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7 ms and still addicted to boob - help!

(9 Posts)
boognish Tue 04-Oct-11 01:41:29

My ds is very attached to me anyway, but is going through a very clingy phase right now - e.g. often not happy with me in same room looking directly at him/singing to him, but cries (floods of tears) till picked up. He's always been "high needs", and his first 2 teeth came through a week ago.
Tonight he's been falling asleep on the boob over and over again, then waking up again soon afterwards when he realises it's no longer in his mouth and heading for meltdown till he gets it back again. He has a bedside cot, he's not a self-settler and we have whatever routine he has IYSWIM. I can usually sing him to sleep if he's already tired, but that's not working right now.

As background, when he was tiny he lost a tiny bit too much weight in his first 3 days and had breastfeeding jaundice for 7 weeks. From the time my milk came in he used to feed for about 13 hours a day, and I was under strict orders to wake him every three hours to feed him till the jaundice went. I managed to get his weight back up fairly quickly so that he exactly followed the growth curve of his centile, but despite the interminable feeds (and he only pooed once a week, so he was not taking in more than he needed) he didn't go over this, so I think it took ages and a lot of strong suction to get the milk out (I never leaked, and expressing was nigh-impossible). After 7 weeks things got better as he seemed to get enough milk finally with shorter feeds, but he still woke about 3-5 times every night for very short feeds, which I've never tried to stop him having. Might it be because of all this that he just has too strong an association between the boob and comfort?

I thought he'd settle ok once he was on solids, but even though he's really taken to solids, has put on lots of weight and has horrid smelly poos now every other day, he has milk for starters and dessert and snacks... Should I try and train him to be more independent, or will this backfire?

Albrecht Tue 04-Oct-11 11:04:47

We have a high needs baby (ahem toddler - 15 months) who loves breastfeeding. He went through a clingy stage around 6 - 9 months.

Personally no I would not try to train him to be independent. Its part of normal psychological development to start realising that mummy is a separate person and so could therefore go away and not come back. If you were feeling insecure with your partner would you feel better if they pushed you away or if they gave you the attention you needed? Comfort is a real need too.

Just my take on it though you must do what you feel is best for your family. I.E. if you are going round the bend with it all, it'll be to everyone's benefit if he feels safe with another adult who loves him, his dad or granny etc too.

Once he starts crawling and walking he will be shattered and sleep a bit better ime.

narmada Tue 04-Oct-11 13:28:41

The behaviour you've described is normal for a breastfed baby - if tiriing for you. If it's not a problem for you, then it's not a problem, simple as that.

You can't really train a baby to me more independent. Chances are if you weaned him off the breast he woudl find other ways of getting the comfort and closeness he needs. For one reason or another, DS is now bottle-fed but he still wakes up multiple times a night and sometimes cries for a cuddle - normal, but tiring.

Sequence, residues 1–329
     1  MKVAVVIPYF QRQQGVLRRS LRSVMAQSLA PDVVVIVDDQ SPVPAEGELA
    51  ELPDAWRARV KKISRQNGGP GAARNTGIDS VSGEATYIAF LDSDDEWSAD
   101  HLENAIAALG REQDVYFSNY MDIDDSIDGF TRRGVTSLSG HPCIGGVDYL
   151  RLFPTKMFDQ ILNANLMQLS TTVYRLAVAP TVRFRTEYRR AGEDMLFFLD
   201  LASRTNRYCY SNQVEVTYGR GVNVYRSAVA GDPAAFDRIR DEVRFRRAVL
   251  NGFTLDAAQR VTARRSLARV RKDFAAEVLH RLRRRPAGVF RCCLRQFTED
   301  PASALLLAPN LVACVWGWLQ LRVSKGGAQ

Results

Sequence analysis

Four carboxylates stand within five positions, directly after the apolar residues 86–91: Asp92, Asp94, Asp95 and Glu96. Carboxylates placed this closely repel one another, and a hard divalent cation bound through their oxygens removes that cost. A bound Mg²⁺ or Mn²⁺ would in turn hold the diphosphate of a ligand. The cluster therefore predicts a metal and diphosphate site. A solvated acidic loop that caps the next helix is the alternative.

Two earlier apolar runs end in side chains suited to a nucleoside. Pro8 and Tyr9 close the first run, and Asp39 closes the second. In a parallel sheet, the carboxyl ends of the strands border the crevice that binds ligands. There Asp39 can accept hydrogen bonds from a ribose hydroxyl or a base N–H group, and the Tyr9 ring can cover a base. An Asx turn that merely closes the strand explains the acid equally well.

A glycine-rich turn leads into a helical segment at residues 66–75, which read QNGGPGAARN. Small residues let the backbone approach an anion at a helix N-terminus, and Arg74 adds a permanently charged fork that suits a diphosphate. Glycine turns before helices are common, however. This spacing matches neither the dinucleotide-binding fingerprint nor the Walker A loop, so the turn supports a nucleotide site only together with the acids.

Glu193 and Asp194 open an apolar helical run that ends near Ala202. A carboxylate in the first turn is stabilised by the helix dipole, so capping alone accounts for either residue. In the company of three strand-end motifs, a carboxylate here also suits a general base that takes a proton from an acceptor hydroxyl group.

Loopymumsy Tue 04-Oct-11 13:34:11

Message withdrawn at poster's request.

boognish Tue 04-Oct-11 18:04:23

Thanks everyone for the good advice. I guess I'd have been ok about it, but as you can see I only got away from him to post on mn in the wee hours, so by that point I was feeling a bit like a mum in the first 3 months all over again. I was just worried I might be making sleeping harder for him in the future, but I do agree with you all in the cold light of day (and, yes, it has got colder today, hasn't it?) and now remember that so-called self-settlers are more likely to be poor sleepers in adulthood. I'll keep sticking with my instincts! grin

eaglewings Tue 04-Oct-11 18:06:15

Enjoy the extra cuddles. Only reduce if you cant cope. It won't go in for ever

gobblygook Wed 05-Oct-11 07:10:45

Erm, 'so-called self-settlers are more likely to be poor sleepers in adulthood'.

Sorry but I've never hears this before. is this evidenced somewhere?
It sounds a bit like a nonsense statement to me.

Octaviapink Wed 05-Oct-11 19:33:15

Solids only really kick in at about 9 months, so go with the feeds he wants for a bit longer. My ds did more or less the same thing but we've just successfully ditched the mid-afternoon feed and (in the last few days) the lunchtime one. He's 10 months now. Still has five feeds overnight, though! He went through a really clingy/grizzly phase around 8months.

boognish Thu 06-Oct-11 00:22:40

Gobblygook, what I mean is that sleep training through CC is supposed to produce results in the short term, but there is evidence that it results in poorer sleep in adulthood. Read this in more than one place, including a mainstream childcare book, so it's fairly well-accepted.

Note that I said "so-called" self-settlers, by which I meant those who've been trained into it through CC. Apologies for the rubbish shorthand, but I had DS with me when posting and had to be brief as he's not a mn fan. I should have made myself clearer.

Octaviapink, that really helps, and thanks for alerting me to the next potential clingathon.

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